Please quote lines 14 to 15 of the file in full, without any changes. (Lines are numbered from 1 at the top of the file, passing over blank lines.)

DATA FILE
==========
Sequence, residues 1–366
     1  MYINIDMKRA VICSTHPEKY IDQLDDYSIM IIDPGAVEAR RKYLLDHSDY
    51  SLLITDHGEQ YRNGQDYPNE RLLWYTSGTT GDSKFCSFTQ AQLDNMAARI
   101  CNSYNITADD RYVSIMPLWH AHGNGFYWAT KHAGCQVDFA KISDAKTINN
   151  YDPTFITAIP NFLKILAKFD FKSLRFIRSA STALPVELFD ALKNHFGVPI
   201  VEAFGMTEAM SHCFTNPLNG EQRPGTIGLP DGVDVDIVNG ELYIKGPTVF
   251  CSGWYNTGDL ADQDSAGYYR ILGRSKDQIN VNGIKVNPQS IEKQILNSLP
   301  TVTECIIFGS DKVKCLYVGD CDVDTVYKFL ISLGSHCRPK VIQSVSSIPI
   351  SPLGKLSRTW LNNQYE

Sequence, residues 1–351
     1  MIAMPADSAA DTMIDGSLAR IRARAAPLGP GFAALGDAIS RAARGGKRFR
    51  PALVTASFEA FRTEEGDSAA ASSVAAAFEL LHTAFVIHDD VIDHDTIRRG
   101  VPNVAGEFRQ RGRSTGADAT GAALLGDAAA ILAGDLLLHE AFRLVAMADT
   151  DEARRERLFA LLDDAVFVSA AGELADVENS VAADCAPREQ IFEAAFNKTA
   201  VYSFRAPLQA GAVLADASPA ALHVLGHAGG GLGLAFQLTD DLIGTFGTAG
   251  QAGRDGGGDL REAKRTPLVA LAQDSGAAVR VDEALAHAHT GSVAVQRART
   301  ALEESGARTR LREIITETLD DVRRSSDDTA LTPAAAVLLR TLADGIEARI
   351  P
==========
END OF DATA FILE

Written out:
   151  DEARRERLFA LLDDAVFVSA AGELADVENS VAADCAPREQ IFEAAFNKTA
   201  VYSFRAPLQA GAVLADASPA ALHVLGHAGG GLGLAFQLTD DLIGTFGTAG